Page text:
“Obviously my constituents have a lot of concerns and… residents, especially those who live right near the area directly impacted, certainly should have their voices heard,” said Addabbo. “I will go to the site and talk to them about their proposal… As an elected official I have to see the project done in the most efficient way with the least minimal impact, not only in the short term but post construction.”

Aside to concerns over truck traffic, residents fear the plan will lead to unsafe conditions for pedestrians and will negatively impact the environment through increased emissions, said Addabbo. “On this particular situation, the residents have a lot of concerns, and some are very critical,” he said.

Gary Giordano, district manager of CB 5, said he is still waiting to officially hear back from Waste Management on the recommendations made in the resolution rejecting the company’s current plan. He said Waste Management has informed him they “are looking into the possibility” of building a rail spur at the Review Avenue facility. “From our point of view we’re just looking not to increase truck traffic in western Queens and specifically along that route from the Review Avenue facility to where Maspeth Avenue meets Rust Street,” said Giordano.

Crowley said her chief of staff, Lydon Sleeper, has been in contact with Waste Management officials, but she has yet to receive word of a revised plan. “It’s a fairly large project and when you think about how much it costs to truck all this garbage a mile away instead of building a spur, it doesn’t make sense economically or environmentally,” said Crowley.

A Waste Management spokeswoman did not return a message seeking comment on the status of discussions between the company and elected officials regarding the plan.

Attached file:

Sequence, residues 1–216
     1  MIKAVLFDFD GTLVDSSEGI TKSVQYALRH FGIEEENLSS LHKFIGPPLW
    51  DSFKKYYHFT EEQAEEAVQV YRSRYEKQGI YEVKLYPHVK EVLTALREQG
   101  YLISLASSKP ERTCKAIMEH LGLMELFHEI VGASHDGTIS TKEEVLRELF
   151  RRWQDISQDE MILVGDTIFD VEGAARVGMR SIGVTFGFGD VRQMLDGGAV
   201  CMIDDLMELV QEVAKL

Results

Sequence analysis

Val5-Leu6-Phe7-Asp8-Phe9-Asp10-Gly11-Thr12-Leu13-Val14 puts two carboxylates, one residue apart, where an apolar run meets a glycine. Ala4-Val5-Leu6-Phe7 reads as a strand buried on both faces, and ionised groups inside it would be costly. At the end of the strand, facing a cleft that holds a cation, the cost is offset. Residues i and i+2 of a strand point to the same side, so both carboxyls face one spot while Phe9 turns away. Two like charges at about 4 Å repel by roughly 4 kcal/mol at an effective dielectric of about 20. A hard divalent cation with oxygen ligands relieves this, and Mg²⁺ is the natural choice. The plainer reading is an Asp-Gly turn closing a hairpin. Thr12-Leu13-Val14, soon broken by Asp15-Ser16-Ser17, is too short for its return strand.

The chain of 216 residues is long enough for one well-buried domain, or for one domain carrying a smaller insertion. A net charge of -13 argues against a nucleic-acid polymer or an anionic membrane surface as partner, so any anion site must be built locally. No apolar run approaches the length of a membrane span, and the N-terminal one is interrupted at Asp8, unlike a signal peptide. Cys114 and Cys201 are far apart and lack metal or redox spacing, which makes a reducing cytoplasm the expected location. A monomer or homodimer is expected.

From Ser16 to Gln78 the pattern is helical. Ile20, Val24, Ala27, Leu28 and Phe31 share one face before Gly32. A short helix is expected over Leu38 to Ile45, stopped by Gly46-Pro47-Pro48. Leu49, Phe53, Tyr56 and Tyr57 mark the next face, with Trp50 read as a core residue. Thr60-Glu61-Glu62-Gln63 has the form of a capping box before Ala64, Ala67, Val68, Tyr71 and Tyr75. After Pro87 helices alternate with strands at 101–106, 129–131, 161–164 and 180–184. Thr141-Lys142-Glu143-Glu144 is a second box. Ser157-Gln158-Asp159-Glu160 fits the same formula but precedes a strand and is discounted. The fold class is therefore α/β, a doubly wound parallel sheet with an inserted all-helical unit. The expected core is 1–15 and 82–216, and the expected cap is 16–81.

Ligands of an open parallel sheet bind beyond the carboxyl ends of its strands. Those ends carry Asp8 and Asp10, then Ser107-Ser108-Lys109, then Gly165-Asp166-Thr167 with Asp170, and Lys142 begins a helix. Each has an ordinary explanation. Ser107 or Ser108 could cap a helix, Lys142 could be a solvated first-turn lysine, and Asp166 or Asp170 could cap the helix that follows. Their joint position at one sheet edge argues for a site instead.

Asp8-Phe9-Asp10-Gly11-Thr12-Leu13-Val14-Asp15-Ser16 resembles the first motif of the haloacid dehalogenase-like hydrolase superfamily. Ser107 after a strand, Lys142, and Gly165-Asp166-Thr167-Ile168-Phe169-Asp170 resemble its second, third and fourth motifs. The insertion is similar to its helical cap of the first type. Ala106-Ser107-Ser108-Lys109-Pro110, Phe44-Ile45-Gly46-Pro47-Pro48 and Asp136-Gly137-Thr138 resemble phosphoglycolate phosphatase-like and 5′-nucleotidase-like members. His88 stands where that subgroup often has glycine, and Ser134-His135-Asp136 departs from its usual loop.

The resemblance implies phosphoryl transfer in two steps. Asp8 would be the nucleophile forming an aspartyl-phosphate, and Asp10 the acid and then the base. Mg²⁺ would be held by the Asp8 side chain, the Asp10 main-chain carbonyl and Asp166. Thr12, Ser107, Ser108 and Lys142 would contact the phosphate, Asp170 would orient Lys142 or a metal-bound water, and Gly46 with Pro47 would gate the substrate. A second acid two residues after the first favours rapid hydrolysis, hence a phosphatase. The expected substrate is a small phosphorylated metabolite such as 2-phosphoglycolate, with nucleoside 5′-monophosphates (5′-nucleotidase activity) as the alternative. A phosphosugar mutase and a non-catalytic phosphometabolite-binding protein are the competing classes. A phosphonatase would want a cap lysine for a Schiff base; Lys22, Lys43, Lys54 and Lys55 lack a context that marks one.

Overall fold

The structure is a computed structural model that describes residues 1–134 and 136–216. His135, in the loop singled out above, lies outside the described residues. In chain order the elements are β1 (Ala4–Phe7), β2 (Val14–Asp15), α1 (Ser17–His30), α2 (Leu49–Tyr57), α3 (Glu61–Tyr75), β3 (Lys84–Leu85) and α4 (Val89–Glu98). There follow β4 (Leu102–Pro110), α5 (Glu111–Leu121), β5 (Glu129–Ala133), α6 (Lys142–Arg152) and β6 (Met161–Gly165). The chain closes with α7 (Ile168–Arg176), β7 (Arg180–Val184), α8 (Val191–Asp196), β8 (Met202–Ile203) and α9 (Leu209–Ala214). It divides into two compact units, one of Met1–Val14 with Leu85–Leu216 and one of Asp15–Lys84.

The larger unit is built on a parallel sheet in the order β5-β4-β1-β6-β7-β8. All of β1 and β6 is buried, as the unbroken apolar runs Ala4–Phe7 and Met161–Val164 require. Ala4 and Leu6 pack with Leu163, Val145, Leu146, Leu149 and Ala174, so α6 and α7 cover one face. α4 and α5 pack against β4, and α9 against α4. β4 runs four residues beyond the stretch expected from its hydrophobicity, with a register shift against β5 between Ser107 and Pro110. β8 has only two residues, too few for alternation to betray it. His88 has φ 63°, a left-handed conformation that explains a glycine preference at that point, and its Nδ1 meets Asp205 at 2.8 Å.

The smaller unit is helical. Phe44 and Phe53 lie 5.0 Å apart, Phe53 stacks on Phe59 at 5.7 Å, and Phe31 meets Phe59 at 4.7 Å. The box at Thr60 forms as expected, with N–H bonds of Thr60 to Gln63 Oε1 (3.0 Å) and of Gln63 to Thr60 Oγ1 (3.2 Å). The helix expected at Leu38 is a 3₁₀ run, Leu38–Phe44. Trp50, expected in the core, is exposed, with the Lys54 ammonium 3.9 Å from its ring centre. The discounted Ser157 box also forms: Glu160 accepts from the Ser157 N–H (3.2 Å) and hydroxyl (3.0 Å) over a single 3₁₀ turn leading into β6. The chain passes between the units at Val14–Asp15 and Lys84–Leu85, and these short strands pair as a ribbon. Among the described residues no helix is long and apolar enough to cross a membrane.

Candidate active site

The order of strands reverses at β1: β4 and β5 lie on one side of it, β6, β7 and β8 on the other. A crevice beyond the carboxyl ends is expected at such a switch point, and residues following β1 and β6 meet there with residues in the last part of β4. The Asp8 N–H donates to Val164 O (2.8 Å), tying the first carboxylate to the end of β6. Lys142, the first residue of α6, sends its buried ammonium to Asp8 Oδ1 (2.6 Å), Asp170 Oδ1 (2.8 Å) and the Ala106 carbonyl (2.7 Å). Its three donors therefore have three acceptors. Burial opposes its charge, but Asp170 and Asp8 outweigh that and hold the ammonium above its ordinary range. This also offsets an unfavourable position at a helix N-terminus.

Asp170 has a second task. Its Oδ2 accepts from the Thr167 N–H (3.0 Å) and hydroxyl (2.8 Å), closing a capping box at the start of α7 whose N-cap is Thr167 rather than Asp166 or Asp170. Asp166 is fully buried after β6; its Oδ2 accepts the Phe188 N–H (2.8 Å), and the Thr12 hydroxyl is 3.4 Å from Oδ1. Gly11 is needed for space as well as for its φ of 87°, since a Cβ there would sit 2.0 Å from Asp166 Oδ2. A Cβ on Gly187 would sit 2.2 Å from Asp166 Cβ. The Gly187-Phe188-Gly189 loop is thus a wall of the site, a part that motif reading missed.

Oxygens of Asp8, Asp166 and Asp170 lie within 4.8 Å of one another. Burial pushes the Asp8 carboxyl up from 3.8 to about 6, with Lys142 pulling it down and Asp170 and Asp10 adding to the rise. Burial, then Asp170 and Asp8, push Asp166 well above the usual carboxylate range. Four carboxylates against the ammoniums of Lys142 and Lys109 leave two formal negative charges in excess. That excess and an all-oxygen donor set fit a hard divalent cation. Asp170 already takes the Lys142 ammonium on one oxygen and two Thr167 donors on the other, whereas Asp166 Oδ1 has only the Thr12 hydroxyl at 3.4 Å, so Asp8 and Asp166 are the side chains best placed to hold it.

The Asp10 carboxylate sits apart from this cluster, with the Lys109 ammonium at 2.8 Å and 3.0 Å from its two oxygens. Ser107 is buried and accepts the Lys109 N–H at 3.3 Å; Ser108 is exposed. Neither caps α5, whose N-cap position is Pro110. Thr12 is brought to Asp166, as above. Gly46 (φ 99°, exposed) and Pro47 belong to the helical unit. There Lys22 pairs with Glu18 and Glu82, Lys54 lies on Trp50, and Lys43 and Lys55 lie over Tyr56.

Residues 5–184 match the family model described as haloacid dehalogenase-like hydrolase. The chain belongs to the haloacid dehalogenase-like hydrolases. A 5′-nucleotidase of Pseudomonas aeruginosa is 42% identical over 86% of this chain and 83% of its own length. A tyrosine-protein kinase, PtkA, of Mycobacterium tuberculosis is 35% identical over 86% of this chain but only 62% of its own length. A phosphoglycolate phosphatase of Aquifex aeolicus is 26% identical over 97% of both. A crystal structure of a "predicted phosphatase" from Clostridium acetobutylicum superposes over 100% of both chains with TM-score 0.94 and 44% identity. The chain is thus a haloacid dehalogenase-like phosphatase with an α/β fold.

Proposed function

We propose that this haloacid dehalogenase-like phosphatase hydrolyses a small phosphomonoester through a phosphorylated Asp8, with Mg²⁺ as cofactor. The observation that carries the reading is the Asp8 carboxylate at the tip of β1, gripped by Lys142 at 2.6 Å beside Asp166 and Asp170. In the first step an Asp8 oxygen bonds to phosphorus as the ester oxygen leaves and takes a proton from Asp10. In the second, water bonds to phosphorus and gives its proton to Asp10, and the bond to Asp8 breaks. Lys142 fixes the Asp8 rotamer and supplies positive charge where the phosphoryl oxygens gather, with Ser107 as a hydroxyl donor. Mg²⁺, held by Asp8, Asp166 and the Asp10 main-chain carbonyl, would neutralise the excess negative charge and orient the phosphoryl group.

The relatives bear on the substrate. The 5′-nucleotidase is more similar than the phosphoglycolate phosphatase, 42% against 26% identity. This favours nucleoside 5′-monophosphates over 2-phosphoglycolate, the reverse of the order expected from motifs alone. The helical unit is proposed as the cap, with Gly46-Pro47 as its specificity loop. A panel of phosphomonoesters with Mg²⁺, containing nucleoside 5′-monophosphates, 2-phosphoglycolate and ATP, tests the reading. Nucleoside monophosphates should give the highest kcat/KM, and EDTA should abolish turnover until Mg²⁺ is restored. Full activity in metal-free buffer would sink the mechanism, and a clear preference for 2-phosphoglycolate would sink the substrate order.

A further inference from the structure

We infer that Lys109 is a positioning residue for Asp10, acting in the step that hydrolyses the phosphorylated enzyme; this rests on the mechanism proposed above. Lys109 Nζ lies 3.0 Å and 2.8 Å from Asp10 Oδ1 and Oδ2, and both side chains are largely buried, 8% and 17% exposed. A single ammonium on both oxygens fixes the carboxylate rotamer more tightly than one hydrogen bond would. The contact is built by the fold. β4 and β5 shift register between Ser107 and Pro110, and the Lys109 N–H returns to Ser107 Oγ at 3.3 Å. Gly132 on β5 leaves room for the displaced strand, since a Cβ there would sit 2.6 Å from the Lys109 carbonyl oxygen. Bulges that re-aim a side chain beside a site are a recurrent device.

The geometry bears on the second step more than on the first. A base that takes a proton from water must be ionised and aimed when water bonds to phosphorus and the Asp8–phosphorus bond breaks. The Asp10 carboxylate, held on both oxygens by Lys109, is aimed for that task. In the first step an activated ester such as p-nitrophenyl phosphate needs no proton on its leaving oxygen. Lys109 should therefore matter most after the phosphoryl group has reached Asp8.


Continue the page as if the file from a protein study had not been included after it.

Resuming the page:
Officials Fund Library Upgrades

By Conor Greene

The Glendale and Ridgewood branches of Queens Library will be upgraded thanks to $1.2million provided by Councilwoman Elizabeth Crowley, while the Middle Village branch reopened this week following a $400,000 renovation sponsored by Borough President Helen Marshall.

Crowley (D-Middle Village) joined Queens Library Director Thomas Galante last Thursday at the Glendale Library to present a$400,000 check, which will help fund the second phase of the 73rd Place branch. Planned upgrades include a new elevator and staircase connecting the main and lower floors and renovation of the Renaissance garden adjacent to the newly-renovated lower level.

“The funding will allow for both the expansion of the children’s area as well as the adult section,” said Crowley. “This will create a more inviting space for the community, increasing the book inventory while opening more reading space.” She said the children’s area is expected to open within weeks in an area that has been used for storage over the past half-century. “While the project is almost complete, this funding will make the expansion a reality and the building will now be utilized to its fullest potential.”

In addition to the money for Glendale, Crowley also allocated $800,000 to complete renovations at Queens Library at Ridgewood. “I strongly believe that investing in our local library is money well spent because it has the opportunity to become a cornerstone of the community,” she said.

This past Wednesday, Marshall joined library officials for the reopening of the Middle Village branch on Metropolitan Avenue, which was upgraded with $400,000 she provided. The funding helped cover the costs of installing new technology that allows for self-checkout, public access computer stations, touch screen monitors, security gates and new furniture.

Marshall, a former early childhood teacher and a founder of the Langston Hughes Library in Corona, bills herself as a “longtime advocate for libraries.” Since becoming Borough President in 2002, she has allocated more than $81 million to library projects. In addition to the Middle Village branch, she provided $400,000 each to the Rosedale, Baisley and Douglaston branches.